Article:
The morning of 2 Aug. was clear with frost on the packs.  There are massive gravel flats on the valley bottom of the Bonnet Plume, and following the channel swiftly back and forth across these flats became the name of the game for several days. The gradient stayed at ~20 fpm and very uniform. There must be 3 or 4,000 cfs volume, but only occasional large waves. About 20 miles downriver we spotted 4 sheep, first at river level, then they climbed a hill and could be seen moving along the crest for some time.  After a 26 mile day we reached Fairchild Creek and set up camp on the bar across its multiple mouths. It had become quite warm in the late afternoon, perhaps 80, and after my camp chores were completed I took a bath, the first since Whitehorse, 8 days ago.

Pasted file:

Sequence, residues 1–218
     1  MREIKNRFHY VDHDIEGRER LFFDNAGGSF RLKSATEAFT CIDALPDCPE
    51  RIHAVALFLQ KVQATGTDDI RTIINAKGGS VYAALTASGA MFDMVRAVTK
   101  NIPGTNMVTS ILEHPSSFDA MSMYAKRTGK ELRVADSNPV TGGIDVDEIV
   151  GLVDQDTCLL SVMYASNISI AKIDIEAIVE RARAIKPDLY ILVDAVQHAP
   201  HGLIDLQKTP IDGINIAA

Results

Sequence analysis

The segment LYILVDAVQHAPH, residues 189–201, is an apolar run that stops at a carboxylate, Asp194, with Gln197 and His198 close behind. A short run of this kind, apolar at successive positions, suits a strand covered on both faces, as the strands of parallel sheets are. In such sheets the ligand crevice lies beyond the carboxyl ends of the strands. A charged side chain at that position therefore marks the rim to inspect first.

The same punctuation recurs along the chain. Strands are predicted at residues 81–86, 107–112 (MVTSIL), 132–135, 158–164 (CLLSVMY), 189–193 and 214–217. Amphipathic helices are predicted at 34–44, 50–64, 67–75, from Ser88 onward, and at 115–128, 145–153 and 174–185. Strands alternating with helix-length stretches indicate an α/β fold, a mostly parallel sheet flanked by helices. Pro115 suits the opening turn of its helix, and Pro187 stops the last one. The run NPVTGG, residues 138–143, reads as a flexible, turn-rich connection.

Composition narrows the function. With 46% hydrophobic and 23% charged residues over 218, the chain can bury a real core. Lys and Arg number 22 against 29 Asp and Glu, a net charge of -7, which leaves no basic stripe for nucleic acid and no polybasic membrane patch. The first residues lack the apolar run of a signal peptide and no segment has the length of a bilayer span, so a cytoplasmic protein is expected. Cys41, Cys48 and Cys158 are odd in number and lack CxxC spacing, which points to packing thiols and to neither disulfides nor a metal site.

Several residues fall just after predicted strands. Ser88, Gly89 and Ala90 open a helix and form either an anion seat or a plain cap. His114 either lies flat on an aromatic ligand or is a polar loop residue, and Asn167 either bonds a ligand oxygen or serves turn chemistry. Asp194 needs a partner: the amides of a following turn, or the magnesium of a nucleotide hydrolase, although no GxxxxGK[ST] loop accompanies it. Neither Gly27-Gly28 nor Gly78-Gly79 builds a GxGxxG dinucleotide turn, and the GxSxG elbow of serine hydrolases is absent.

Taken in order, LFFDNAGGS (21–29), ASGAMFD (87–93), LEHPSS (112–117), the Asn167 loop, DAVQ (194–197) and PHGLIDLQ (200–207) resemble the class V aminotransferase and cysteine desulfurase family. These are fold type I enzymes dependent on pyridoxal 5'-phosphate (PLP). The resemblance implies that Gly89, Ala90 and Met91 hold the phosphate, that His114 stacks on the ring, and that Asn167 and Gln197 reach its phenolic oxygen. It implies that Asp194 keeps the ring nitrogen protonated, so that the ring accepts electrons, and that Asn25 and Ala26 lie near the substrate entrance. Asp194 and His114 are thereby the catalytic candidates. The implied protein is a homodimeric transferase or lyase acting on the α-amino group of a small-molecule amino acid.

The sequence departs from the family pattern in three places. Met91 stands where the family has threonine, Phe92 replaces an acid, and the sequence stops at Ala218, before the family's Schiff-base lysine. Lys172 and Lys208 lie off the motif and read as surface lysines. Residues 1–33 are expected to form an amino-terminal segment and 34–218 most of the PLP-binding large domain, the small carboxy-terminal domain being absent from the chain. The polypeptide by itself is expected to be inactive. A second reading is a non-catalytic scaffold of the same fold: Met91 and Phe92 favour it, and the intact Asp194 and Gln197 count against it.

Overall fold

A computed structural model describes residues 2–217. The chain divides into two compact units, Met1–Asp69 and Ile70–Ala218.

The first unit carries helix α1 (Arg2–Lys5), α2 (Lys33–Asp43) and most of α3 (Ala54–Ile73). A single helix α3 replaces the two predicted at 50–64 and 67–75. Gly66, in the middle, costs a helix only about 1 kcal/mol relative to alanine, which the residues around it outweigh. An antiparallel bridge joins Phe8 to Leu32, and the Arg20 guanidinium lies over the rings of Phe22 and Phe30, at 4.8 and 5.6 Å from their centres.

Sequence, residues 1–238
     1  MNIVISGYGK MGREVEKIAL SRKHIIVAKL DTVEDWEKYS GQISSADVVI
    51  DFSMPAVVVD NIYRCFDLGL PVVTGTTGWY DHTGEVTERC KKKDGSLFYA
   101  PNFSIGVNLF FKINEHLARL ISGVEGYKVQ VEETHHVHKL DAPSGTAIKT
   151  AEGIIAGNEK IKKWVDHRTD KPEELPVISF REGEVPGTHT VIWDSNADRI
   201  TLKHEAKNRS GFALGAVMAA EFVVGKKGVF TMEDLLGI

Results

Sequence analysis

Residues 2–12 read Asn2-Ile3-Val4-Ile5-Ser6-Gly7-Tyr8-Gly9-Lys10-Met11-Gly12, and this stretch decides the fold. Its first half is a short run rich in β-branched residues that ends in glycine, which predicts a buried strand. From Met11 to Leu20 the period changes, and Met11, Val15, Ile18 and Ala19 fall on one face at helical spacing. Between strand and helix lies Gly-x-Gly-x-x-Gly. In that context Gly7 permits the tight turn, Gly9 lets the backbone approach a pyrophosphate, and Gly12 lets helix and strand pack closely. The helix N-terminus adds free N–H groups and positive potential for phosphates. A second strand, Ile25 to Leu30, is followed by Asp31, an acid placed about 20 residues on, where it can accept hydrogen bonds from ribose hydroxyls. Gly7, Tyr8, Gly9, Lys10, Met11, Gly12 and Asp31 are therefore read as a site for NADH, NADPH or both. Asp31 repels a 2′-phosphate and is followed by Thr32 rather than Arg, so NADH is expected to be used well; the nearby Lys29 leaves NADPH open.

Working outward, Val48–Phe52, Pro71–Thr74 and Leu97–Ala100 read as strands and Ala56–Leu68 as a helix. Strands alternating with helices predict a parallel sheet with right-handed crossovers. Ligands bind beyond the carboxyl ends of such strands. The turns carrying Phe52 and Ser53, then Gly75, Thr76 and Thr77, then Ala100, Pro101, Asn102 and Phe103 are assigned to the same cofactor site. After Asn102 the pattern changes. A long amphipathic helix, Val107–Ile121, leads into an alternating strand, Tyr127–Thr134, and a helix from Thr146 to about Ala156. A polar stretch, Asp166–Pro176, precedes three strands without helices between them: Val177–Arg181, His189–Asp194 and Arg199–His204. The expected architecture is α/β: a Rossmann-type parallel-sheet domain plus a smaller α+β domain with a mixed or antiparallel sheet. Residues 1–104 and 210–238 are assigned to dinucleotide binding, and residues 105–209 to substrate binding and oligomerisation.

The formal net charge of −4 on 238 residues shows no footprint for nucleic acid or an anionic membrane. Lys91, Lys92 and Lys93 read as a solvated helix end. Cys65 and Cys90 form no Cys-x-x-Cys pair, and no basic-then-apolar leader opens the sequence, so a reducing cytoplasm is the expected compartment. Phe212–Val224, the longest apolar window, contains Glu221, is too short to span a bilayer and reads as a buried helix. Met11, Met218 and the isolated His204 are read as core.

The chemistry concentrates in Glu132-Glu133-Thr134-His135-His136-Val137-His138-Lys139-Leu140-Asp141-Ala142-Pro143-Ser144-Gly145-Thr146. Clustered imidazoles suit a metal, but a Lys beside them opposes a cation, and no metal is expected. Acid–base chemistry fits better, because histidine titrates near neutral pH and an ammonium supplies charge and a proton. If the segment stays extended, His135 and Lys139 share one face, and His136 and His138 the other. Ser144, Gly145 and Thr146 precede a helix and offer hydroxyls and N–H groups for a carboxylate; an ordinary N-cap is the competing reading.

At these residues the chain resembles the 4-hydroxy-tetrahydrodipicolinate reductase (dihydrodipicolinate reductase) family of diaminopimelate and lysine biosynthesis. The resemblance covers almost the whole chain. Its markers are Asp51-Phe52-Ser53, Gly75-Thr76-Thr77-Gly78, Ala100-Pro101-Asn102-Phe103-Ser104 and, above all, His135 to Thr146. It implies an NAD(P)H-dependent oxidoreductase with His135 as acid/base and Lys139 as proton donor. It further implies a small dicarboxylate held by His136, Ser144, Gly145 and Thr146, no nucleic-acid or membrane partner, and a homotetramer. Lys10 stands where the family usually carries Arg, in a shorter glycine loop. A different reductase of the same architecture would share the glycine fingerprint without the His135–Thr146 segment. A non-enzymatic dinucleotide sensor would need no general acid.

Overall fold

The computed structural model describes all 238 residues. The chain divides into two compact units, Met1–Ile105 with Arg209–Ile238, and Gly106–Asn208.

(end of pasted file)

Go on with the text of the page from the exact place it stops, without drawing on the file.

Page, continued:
Morning was very windy, making it feel real cold. Being well ahead of schedule, we decided that taking a day for fishing was in order, but since we'd not had a hit from the muddy river, if we were to catch anything we would have to hike to a clear-water lake. Several of the guys picked up a trail which lead to Fairchild lake, but I decided to tow my canoe up the creek and try to reach Fairchild lake by this route. The upstream tracking went fast. The creek was usually 25 feet across, and streamside brush was rarely a problem.  The gradient was uniform, perhaps 50 fpm, and with 250cs the current was constantly fast. But after 1 ½ hours a canyon blocked progress.  Ron and I grabbed our rods and hiked over the hill, soon finding a spectacular little fall of 30 feet–definitely not canoeable. Gazing upstream, this valley looked a lot like a beaver meadow. There were heavily used moose/caribou trails parallel to the creek, but walking in them was a heavy slog.   Eventually we reached Fairchild lake and found the others casting.  It's a very pretty place, a crystal clear blue lake, long and narrow, cradled below tree-covered steep hills. While we didn't catch a trout on every cast, there were soon enough for supper. I hiked back to my boat and paddled downstream.  In minutes I had overtaken Ron, who had a 15 minute head start, and a bit later I met up with the other guys who had hiked the overland route.  I finished with an ear-to-ear smile!  This had to be the first ever descent of Fairchild Creek, perhaps 4 miles, and a joy it was!  While we were gone from camp the wind had died, the temperature warmed–a lot, and this had brought out a swarm of gnats.  These small flies looked a little like blackflies but did not bite—yet there were so many they were in everything, on our skin, in the eyes, in the food.  They took away the pleasure of an otherwise pleasant evening. At 10pm there was enough light in the tent for me to write trip notes. Up here it really never got completely dark all night long.